Code for doing that kind of acrobatics is quite straightforward:

  1. We start with a base class for all projections that will actually persist our read model in RDBMS. We will use excellent SQLAlchemy ORM for this, but instead of defining models, we’ll go for SQLAlchemy Core API, what will give us a bit of performance boost.
  2. We need a Connection object to use SQLAlchemy Core. One can be trivially obtained from a Session or Engine.
  3. Every projection will have handle method accepting single argument – Event subclass instance
  4. AccountProjection will take care of inserting/updating rows inside accounts table
  5. We can leverage singledispatch to avoid writing error-prone if-elif-else block or dictionary handling logic routing. Note that default implementation does nothing as it means we don’t support an event that got there
  6. The handler of CashDeposited
  7. …firstly tries to update existing account, adding balance to it
  8. If we updated zero rows in the previous step it means we don’t have an account yet, so we’ll create one
  9. The handler of CashWithdrawn
  10. …simply updates the row using account_id by decreasing the balance

We don’t really have to handle situations when for example we try to withdraw cash from a nonexistent account since consistency is handled elsewhere (write model). We just have to make sure that read model gets events in a correct order. This can be dealt with using queuing project, like RabbitMQ.

Transactions?

A comment in SqlAlchemyProjection class says that projection should not touch transaction at all. There are two different situations that require a different approach:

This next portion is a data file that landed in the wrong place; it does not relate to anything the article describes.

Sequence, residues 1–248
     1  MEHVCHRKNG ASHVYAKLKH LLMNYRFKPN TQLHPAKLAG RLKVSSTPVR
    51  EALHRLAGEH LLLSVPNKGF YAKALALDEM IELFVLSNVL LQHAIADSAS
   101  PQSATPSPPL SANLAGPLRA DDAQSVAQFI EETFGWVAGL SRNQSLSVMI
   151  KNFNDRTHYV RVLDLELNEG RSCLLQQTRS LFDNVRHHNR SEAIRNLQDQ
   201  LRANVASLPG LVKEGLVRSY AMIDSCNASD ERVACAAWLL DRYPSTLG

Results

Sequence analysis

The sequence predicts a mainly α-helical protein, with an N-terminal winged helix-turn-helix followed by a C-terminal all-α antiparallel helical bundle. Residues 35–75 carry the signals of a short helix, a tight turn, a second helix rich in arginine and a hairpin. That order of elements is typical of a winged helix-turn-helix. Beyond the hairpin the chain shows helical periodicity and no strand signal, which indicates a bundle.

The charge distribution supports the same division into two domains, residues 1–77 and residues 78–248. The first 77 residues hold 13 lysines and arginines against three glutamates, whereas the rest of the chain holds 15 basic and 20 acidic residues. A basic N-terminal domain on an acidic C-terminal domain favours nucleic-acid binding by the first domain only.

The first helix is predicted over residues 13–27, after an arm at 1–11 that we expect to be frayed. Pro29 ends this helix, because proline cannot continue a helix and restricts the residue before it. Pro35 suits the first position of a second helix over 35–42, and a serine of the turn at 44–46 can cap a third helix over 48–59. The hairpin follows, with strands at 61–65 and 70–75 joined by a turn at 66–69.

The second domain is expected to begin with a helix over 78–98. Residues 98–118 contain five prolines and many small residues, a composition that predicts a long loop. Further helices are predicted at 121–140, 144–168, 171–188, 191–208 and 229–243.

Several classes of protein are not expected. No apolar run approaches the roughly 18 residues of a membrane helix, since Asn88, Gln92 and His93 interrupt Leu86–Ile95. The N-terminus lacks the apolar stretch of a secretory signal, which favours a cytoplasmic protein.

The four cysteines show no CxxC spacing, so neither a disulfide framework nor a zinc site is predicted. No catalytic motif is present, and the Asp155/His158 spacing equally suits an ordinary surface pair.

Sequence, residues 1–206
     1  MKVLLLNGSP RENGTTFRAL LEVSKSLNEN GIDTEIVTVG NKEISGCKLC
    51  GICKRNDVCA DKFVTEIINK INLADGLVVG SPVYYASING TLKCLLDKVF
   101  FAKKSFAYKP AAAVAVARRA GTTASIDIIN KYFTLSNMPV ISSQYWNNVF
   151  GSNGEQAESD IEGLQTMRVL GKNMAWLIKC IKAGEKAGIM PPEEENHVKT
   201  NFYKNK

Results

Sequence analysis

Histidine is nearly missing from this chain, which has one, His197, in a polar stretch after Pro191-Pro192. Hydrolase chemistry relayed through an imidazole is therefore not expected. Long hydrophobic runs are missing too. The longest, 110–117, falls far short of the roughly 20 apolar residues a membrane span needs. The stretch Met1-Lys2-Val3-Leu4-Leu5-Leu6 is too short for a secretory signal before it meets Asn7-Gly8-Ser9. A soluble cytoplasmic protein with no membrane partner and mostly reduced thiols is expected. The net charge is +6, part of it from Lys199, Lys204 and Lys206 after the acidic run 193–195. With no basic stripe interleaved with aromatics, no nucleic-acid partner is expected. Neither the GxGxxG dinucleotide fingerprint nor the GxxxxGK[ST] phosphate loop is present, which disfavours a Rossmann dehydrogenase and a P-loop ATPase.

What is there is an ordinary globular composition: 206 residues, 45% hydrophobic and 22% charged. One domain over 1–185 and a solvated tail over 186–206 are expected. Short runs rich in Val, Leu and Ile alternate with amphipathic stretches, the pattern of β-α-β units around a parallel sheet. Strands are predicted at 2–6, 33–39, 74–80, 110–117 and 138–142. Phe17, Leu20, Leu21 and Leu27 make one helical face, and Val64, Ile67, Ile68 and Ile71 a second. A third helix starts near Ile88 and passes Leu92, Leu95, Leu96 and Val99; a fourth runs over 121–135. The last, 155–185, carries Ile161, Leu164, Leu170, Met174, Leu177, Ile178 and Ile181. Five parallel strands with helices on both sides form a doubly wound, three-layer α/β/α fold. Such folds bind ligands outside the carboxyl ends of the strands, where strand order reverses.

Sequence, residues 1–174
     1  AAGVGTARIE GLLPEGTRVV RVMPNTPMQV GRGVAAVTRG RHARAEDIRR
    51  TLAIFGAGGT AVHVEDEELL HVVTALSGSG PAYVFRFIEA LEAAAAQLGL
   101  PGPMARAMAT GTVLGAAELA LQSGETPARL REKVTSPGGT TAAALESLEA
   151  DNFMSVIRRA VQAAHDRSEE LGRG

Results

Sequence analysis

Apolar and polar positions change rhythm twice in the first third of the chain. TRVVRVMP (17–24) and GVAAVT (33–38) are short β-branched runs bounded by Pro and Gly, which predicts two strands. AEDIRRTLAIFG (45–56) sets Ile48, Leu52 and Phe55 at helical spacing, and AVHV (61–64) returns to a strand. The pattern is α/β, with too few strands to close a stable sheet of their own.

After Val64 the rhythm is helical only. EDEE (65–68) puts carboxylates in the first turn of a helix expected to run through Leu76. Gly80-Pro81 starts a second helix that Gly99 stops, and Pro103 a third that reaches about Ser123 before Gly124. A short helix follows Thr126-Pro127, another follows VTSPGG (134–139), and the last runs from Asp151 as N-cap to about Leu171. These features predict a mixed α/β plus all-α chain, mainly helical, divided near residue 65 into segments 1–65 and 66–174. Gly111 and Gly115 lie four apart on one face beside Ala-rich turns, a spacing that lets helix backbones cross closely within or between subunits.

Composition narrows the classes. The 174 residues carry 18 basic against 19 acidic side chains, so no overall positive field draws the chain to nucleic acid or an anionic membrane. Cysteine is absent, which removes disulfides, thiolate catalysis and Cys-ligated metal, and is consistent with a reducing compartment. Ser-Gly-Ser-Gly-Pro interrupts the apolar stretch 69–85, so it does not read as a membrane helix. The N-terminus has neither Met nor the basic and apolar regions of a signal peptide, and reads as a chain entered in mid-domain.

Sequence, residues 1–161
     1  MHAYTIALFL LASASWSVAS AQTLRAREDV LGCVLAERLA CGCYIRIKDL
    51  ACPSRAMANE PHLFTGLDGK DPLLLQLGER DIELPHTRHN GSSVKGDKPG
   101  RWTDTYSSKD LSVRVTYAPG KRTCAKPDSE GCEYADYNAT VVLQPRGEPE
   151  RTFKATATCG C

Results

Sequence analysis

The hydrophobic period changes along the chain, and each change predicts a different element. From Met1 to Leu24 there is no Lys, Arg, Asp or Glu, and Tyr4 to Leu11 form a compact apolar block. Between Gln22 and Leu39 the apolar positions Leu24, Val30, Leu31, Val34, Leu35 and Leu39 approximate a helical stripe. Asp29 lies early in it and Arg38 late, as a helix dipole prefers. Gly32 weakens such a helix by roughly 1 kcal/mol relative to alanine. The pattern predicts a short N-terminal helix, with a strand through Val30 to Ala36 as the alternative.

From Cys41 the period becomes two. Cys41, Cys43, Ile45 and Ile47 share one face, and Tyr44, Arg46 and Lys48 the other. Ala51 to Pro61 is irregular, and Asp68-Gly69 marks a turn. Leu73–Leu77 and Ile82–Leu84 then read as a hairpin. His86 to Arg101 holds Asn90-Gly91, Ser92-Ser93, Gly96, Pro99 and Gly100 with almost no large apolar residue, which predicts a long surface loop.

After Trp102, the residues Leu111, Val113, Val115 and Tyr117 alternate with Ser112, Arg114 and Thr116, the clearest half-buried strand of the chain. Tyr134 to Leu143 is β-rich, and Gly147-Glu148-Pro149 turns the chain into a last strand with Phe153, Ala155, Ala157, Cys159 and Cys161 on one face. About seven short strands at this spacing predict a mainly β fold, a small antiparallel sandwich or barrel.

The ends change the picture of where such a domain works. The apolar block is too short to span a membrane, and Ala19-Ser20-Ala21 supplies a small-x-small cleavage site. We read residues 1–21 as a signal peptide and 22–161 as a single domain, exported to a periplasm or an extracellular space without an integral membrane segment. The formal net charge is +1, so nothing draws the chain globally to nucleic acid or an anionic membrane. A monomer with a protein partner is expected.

• projecting single event – in this case, we can BEGIN/COMMIT transaction after each projection’s handle method call. Every event is projected in its own transaction
  • projecting all events since the beginning – one BEGIN/COMMIT for the entire operation. This gives a performance boost, see this blog post for more information and charts

Of course, this is applicable only when we store read model in some RDBMS.

Should I query for additional data inside projection once I try to denormalize an event?

Usually, you should not need to. If you need more data from an aggregate itself, then just add it to the event.

How to put projections in my architecture?

You will need new service for projecting events that will take care of projecting one event after another. In the beginning single-threaded solution that will dequeue events from your Event Bus (RabbitMQ or something similar) will suffice. Later you can scale your solution and provide separate thread/worker by every projection. Do not try to add more workers to the same projection. It would only allow for ugly race conditions and will not increase the speed at all.

An important thing to note is that every projection that may be interested in a certain event has to get it. In a simple implementation, we can just send all events to all projections. We might want to optimize it a bit by introducing some routing on Event Bus, but this may be postponed. Different projections change different read models. This will mean updating different tables or even different databases.

Projecting in Event Sourcing is a very powerful technique!

This post is a part of Implementing Event Sourcing series. It consists of code snippets, thoughts and practical advice how to implement ES in your own project. The contents of this post will probably make the most sense if you also read all other parts. Then you should be ready to use it in your own projects.